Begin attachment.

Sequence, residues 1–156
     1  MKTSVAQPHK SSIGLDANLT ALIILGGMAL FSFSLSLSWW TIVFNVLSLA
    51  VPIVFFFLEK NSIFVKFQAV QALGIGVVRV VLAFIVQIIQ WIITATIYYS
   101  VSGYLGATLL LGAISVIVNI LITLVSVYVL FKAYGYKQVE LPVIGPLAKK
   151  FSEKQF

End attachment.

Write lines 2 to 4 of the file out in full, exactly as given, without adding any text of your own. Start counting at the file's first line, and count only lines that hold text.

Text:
     1  MKTSVAQPHK SSIGLDANLT ALIILGGMAL FSFSLSLSWW TIVFNVLSLA
    51  VPIVFFFLEK NSIFVKFQAV QALGIGVVRV VLAFIVQIIQ WIITATIYYS
   101  VSGYLGATLL LGAISVIVNI LITLVSVYVL FKAYGYKQVE LPVIGPLAKK